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The community that came to be known as Happy Hill may have been the first black neighborhood in North Carolina. Certainly, it was the first in Forsyth County.

The area just across Salem Creek southeast of Old Salem was originally set aside as a plantation for raising food for the Salem Community. In the early 19th century, the residents of Salem decided that slaves could no longer live in the town, so moved them to Happy Hill. About the same time, Dr. Frederick Schuman moved from the country northwest of Salem and settled on Happy Hill with his own slaves.

In 1836, Schuman decided to move to Salem proper, so freed his 17 slaves. Working through the American Colonization Society, he paid their passage to Liberia and gave them enough money to sustain them for six months.

Salem slaves continued to live on the hill and were eventually joined by a few free blacks. Just two years after emancipation in 1865, they built a schoolhouse and announced that any black child in Forsyth County who could get there could attend free. Five years later, the Moravians were persuaded to sell some of the land to the residents.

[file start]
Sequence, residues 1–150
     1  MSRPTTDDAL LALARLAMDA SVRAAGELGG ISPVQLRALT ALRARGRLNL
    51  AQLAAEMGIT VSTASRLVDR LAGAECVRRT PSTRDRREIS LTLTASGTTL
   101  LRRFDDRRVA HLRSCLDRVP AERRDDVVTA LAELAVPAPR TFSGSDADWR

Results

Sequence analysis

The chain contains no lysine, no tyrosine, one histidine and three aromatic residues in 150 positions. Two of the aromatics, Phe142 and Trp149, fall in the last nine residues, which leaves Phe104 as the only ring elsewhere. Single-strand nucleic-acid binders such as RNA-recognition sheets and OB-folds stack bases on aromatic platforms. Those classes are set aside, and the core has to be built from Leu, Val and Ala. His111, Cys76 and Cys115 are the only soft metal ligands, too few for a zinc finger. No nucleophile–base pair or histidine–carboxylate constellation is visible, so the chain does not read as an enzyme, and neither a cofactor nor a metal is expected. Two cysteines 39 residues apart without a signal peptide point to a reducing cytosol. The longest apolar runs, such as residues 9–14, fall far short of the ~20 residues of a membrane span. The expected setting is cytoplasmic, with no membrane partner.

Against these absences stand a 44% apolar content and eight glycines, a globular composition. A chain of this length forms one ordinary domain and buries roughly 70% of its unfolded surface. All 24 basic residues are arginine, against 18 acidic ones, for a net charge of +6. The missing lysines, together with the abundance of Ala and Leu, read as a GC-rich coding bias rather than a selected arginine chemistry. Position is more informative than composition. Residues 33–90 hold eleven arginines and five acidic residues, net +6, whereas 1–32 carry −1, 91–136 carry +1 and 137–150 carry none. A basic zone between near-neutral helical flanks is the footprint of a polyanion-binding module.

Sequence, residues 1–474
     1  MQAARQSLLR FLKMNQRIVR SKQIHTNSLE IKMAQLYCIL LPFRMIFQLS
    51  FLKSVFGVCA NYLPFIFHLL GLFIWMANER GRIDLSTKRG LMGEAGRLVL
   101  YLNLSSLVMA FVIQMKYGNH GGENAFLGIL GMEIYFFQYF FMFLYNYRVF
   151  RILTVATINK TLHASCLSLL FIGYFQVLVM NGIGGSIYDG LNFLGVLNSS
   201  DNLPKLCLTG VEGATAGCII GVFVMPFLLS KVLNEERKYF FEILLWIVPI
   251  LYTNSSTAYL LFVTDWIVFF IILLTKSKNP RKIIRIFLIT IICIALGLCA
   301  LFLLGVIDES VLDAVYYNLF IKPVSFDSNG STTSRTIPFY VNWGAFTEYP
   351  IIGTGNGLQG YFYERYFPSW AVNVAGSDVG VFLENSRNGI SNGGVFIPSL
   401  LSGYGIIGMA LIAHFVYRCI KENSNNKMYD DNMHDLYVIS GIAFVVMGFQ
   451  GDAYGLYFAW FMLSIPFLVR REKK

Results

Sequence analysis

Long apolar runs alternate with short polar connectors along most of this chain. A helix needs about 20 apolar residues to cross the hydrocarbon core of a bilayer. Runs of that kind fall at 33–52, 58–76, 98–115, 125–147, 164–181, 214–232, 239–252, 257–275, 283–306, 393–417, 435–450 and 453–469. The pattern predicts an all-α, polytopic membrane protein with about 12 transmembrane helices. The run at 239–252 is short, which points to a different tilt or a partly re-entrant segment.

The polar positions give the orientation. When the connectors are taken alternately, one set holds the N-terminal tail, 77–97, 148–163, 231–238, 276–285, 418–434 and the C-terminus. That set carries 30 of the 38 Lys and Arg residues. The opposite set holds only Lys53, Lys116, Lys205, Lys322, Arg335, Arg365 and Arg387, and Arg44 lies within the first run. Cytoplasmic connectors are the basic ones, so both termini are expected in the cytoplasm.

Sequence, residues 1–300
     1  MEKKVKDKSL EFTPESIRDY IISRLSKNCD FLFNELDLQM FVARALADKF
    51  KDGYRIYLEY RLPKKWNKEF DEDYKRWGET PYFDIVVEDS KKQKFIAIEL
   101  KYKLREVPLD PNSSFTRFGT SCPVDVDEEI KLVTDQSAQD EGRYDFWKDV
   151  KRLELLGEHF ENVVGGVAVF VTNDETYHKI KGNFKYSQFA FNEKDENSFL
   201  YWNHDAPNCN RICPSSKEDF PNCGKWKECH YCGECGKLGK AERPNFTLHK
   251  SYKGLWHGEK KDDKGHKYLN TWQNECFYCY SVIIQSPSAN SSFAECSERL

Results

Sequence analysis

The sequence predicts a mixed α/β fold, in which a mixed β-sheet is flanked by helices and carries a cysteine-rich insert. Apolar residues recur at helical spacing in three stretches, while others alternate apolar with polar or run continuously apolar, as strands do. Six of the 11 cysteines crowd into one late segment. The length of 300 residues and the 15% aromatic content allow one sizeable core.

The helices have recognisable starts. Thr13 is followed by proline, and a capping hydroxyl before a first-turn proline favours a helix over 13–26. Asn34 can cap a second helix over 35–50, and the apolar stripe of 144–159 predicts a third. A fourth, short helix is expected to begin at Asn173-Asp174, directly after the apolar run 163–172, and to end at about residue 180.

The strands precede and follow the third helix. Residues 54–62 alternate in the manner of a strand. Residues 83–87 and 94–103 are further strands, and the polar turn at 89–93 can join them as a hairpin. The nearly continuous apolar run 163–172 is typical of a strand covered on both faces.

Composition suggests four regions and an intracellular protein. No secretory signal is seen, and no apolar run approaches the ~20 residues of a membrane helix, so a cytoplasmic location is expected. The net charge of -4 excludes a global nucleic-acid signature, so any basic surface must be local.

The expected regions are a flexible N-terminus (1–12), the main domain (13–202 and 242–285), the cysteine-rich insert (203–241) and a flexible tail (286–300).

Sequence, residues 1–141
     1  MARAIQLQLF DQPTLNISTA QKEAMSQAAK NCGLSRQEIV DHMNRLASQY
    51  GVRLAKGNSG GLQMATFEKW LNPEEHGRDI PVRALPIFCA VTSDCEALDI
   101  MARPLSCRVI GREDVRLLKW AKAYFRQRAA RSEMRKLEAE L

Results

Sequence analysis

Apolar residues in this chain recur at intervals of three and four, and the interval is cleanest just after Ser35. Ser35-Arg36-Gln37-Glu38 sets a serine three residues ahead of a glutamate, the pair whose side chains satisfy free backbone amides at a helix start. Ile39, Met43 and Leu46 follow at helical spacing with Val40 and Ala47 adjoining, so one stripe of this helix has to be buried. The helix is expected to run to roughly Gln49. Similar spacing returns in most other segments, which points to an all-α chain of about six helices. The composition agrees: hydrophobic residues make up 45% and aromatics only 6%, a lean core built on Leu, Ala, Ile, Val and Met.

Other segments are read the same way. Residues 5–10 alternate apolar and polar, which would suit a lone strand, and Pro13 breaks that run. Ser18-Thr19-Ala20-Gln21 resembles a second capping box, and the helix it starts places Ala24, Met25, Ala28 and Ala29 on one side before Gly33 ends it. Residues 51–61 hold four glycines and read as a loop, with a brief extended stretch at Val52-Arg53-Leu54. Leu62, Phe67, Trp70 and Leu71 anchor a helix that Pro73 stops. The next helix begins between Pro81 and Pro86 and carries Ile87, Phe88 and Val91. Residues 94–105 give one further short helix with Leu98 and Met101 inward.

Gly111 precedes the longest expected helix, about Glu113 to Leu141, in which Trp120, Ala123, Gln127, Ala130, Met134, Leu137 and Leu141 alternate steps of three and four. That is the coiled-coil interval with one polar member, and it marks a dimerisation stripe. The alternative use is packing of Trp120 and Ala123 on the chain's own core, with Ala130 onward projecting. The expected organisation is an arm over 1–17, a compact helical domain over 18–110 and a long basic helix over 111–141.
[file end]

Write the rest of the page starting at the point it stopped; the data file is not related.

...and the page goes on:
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Happy Hill school, 1867

From the early to mid 20th century, Happy Hill was what several residents described as a “sweet” community. During that period it had its own school, theater, dance hall and a number of neighborhood businesses. But urban renewal eventually ravaged the neighborhood, leaving little of its former character behind.

In recent years, a handful of local citizens have been working to preserve what is left of Happy Hill’s heritage. Last year, the Diggs Gallery mounted a terrific exhibit paying tribute to Happy Hill’s past. And an ongoing project is attacking the undergrowth that had buried the old cemetery.

The next work session at the cemetery is this coming Saturday, February 18th, from 9-11 AM. Please come help. Old clothes and work gloves are de rigueur.

You are guaranteed to meet some interesting people and leave with a feeling of accomplishment. Here’s how to get there:

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